Course Page for Fall 2016 - Fahrenbach, Robert
The course will focus primarily on multistate income and sales/use tax issues. Time permitting other tax regimes such as gross receipts and transfer taxes will also be addressed. Wisconsin statutes and laws will be used as a model for discussion and to draw contrasts/ comparisons with approaches taken by other states. The course will emphasize both operational and transactional issues as well as US Constitutional ramifications of various state tax regimes. There will be special emphasis on current issues of significance and practical issues faced by in-house and external counsel. Lectures will touch on financial reporting concerns and risk mitigation strategies. At the end of the course the student will be in a position to critically analyze statutory and regulatory rules, apply pertinent Constitutional guidance and identify issues of concern to formulate potential resolutions. The student should have completed Tax 1.
By the end of this course, students should:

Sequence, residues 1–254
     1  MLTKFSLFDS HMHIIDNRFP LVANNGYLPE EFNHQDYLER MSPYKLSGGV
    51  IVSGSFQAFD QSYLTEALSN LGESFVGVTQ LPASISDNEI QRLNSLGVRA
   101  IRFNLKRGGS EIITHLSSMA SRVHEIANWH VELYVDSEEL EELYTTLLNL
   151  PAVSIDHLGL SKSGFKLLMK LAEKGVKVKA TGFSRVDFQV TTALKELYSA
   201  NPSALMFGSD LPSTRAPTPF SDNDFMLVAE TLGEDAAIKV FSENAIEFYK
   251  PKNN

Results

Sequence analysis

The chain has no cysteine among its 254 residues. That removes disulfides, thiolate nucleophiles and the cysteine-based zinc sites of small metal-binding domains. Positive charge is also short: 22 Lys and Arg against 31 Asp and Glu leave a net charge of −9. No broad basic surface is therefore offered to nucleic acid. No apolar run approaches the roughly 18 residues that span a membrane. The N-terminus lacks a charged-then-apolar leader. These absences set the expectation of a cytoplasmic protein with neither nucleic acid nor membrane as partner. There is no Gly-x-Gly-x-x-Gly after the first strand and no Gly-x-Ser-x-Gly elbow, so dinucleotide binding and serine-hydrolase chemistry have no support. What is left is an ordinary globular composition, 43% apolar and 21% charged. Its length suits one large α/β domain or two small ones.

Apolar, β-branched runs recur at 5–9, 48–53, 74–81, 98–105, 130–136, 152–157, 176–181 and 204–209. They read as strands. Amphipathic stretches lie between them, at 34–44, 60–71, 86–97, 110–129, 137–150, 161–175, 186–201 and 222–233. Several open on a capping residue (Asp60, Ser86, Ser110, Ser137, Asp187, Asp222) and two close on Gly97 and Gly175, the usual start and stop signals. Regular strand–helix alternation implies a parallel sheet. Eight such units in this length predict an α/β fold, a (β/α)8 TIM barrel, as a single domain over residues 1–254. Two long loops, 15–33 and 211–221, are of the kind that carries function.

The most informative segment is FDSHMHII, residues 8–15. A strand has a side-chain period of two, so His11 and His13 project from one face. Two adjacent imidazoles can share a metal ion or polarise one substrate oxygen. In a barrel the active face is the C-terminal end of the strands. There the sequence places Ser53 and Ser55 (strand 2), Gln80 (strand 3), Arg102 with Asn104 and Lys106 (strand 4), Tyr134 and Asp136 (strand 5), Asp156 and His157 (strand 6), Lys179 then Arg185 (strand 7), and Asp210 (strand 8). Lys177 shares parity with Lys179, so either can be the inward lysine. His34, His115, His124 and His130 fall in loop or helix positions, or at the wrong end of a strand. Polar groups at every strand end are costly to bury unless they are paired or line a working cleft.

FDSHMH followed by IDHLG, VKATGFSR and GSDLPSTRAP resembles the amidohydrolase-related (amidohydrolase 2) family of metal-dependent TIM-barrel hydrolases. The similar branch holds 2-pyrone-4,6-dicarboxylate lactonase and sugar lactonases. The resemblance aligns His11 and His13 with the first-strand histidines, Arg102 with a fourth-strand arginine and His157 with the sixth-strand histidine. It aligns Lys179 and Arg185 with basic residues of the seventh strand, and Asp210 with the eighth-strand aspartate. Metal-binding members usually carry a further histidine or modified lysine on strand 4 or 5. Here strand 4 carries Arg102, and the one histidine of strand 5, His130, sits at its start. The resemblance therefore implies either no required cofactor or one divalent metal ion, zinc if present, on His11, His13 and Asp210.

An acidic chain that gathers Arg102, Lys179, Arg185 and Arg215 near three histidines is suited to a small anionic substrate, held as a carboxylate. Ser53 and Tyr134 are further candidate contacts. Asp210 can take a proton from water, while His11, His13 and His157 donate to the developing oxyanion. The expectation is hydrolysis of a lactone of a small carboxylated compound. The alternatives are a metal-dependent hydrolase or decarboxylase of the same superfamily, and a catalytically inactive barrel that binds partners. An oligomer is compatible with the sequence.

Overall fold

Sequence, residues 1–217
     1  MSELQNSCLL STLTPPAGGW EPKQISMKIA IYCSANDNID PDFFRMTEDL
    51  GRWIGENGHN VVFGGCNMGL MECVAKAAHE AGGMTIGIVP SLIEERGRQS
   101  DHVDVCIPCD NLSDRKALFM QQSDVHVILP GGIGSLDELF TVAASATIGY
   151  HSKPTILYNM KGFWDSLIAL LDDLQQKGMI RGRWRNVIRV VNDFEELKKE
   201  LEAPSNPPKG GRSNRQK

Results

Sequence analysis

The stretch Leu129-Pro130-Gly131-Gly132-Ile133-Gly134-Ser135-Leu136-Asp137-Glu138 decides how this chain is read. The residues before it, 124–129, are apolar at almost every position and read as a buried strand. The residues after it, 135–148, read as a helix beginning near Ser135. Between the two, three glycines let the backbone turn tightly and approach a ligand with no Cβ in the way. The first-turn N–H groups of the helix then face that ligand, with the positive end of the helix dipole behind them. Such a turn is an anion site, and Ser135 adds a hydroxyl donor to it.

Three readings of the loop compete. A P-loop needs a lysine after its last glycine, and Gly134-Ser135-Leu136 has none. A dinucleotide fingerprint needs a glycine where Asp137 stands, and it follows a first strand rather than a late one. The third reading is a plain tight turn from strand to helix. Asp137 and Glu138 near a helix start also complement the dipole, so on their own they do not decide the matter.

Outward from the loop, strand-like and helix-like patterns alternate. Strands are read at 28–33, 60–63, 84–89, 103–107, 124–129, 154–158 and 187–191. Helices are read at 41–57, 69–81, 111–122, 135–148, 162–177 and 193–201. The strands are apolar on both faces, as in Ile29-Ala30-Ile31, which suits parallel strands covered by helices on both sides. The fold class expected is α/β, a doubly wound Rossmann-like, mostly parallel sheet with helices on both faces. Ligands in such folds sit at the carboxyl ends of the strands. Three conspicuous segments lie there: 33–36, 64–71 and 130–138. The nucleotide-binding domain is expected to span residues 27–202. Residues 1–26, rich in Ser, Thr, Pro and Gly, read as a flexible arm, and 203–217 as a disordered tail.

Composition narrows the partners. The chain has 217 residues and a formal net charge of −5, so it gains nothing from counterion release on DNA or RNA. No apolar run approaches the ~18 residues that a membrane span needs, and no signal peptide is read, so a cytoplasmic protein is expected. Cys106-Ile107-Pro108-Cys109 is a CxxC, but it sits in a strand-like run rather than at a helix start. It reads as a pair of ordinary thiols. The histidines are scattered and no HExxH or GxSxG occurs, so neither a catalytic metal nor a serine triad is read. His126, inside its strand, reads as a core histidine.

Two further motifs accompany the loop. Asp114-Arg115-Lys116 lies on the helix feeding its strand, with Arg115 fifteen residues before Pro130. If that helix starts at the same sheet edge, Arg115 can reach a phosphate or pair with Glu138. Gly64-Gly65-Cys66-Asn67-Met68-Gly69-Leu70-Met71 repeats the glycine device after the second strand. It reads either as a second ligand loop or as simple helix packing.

• Understand the major state/local taxing regimes and the critical issues.
• Gain an appreciation for the interaction of state taxing rules with US federal and foreign country taxing regimes.
• Develop an awareness of how state taxation can affect business transaction, organization and restructuring.
• Have acquired knowledge of the basic legal doctrines of U.S. constitutional law affecting the authority of state/local jurisdictions to subject individuals and businesses to taxation or to tax collection responsibilities.
• Gain insight on practical issues facing taxpayers and their advisors in dealing with multiple taxing authorities both from a risk assessment and planning perspective with a focus on the challenges of advising clients in an uncertain and constantly shifting tax climate.